Dr. Michael Hathaway is Professor of Anthropology, Associate Member of the School for International Studies, and the Director of SFU’s David Lam Centre for Asian Studies. A Guggenheim Fellow, his work has been supported by the Mellon Foundation, American Council
of Learned Societies, Social Science Research Council, National Science
Foundation, Social Sciences and Humanities Research Council, and Toyota
Foundation, among others.
His first research project examines global environmentalism and the
politics of Indigeneity. This research was based on multi-sited
fieldwork in rural and urban Southwest China. It explored how local
residents, Chinese scientists and expatriate conservationists forge new
constellations of meanings, practices, and forms of governance in
contemporary China. This work examines changing understandings of
nature, social categories, and power. It was published as Environmental Winds: Making the Global in Southwest China (University of California Press, 2013).
His second major project explores the global commodity chain of the
matsutake, one of the world’s most expensive mushrooms, following it
from the highlands of the Tibetan Plateau to the markets of urban Japan.
In it, he asks what happens when we imagine “world-making” not to be
capacity exclusive to humanity, but as a part of all organisms,
including the seemingly humble fungus? This work has culminated in a new
book, called What a Mushroom Lives For: Matsutake and the Worlds They Make, (Princeton University Press, 2022). It is the second volume in a trilogy, starting with Anna Tsing’s The Mushroom at the End of the World: On the Possibility of Life in Capitalist Ruins.
This project is part of the Matsutake Worlds Research Group, with Tim
Choy, Lieba Faier, Miyako Inoue, Shiho Satsuka and Elaine Gan. The team
explores the more-than-human social worlds this mushroom engenders in
Canada, the United States, China, and Japan.
Michael is currently working on two more major projects and seeking
interested graduate students to join his research teams. One of these
current projects, is an Indigenous-majority led collaboration with
Professors Aynur Kadir (Uyghur), Rick Colbourne (Anishinaabe) and Glen Coulthard (Yellowknives Dene), as well as Doctoral student Cheyanne Connell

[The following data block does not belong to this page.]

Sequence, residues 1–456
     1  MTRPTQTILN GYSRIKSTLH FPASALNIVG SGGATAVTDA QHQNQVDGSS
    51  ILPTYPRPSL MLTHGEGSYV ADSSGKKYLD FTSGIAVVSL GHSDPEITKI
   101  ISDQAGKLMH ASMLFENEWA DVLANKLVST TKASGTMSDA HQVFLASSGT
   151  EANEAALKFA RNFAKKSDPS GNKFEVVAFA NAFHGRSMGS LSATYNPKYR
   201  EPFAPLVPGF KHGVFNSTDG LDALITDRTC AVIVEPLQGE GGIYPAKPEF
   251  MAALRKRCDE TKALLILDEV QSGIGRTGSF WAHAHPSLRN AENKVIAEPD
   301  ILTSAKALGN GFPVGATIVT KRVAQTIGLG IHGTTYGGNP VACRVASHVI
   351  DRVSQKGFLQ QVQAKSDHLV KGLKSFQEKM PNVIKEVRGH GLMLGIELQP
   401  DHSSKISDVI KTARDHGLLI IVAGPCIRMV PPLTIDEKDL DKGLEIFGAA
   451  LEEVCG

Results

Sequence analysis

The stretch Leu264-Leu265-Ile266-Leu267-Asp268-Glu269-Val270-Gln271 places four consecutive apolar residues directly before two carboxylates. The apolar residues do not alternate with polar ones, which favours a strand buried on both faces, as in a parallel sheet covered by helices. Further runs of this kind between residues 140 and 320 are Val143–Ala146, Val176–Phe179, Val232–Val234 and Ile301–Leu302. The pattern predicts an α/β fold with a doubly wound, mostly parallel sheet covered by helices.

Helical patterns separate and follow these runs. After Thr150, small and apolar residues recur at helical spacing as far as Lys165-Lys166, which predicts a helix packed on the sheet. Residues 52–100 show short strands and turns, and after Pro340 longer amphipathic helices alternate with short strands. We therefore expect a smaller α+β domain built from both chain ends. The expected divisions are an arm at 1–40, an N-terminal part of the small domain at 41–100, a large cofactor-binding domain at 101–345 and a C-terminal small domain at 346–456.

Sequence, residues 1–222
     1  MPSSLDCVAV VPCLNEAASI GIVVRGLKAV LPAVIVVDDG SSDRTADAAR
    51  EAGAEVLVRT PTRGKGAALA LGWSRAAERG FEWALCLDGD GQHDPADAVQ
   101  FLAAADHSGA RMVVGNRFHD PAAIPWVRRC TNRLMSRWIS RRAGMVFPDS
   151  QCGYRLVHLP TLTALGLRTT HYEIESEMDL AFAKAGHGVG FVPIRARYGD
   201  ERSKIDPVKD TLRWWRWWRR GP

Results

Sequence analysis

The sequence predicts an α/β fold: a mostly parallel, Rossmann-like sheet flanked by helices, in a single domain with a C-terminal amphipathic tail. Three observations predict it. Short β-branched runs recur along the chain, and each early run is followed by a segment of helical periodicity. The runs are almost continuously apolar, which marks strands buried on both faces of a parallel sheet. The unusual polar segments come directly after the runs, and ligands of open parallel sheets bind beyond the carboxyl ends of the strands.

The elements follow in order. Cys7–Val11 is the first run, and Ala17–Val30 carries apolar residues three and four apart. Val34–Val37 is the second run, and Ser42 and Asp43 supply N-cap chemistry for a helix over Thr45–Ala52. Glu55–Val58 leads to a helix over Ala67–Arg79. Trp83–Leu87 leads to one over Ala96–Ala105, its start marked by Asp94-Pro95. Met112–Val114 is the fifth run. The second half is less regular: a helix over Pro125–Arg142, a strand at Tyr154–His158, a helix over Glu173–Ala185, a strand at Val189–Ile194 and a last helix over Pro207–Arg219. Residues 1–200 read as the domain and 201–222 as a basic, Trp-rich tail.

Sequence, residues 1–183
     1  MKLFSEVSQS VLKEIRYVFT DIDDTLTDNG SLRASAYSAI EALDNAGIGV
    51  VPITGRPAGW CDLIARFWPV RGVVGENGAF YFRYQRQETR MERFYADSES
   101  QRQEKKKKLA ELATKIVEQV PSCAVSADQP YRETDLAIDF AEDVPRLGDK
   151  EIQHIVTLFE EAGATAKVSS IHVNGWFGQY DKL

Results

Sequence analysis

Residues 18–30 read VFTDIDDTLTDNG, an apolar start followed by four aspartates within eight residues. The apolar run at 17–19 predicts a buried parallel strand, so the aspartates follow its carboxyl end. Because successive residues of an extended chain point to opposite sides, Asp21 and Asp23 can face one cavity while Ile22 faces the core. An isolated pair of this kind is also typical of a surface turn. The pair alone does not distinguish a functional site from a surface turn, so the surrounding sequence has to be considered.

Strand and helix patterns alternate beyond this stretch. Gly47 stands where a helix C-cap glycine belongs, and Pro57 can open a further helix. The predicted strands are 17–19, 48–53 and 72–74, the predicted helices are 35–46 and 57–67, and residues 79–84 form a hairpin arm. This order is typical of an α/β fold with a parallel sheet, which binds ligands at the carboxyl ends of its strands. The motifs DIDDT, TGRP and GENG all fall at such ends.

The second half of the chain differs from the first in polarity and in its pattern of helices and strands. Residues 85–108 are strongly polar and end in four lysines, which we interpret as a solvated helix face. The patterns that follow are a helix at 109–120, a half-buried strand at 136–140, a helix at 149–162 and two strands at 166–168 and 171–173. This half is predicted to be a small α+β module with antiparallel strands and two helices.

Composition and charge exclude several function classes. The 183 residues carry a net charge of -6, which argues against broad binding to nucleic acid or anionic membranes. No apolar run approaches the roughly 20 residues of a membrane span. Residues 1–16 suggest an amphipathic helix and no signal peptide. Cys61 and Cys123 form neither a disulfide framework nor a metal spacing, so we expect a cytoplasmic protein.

(Dunne-Za Cree). It explores the rise of Indigenous networks in the
Pacific Rim as a new way to understand how the Indigenous movement
became global starting in the 1970s. The team explores the legacies of a
series of all-Indigenous delegations to China from Japan and from
Canada. These trips, virtually lost to the written record, proved
momentous, as Indigenous delegates returned to their home countries
inspired by what they experienced. They began challenging state
authority in unprecedented ways, crafting powerful texts that awakened a
generation of Indigenous and non-Indigenous people to the ongoing
colonial structures of society. What is perhaps least appreciated is how
going to China helped delegates to reimagine themselves as global
subjects who were connected to other Indigenous people, as part of what
was called the “Fourth World.” In other words, this was part of the
silent, often invisible work of fashioning “Indigenous people” as a
transnational political category.
By hosting and feasting, they quietly stitched together the fabric of
global Indigeneity, a category that was neither obvious nor
pre-existing, but took tremendous initiative and creative activity to
come into being. This perspective enlivens studies of Indigenous
world-making elsewhere, attending to actions that precipitated shifts in
consciousness and building relations across geographic and linguistic
The other current project works towards the decolonization of Western
science, and especially towards re-imagining forms of biological study.
The project challenges the overemphasis on competition as the driving
force of evolution and explores how alternative epistemologies might
open up new perspectives and insights in biological research.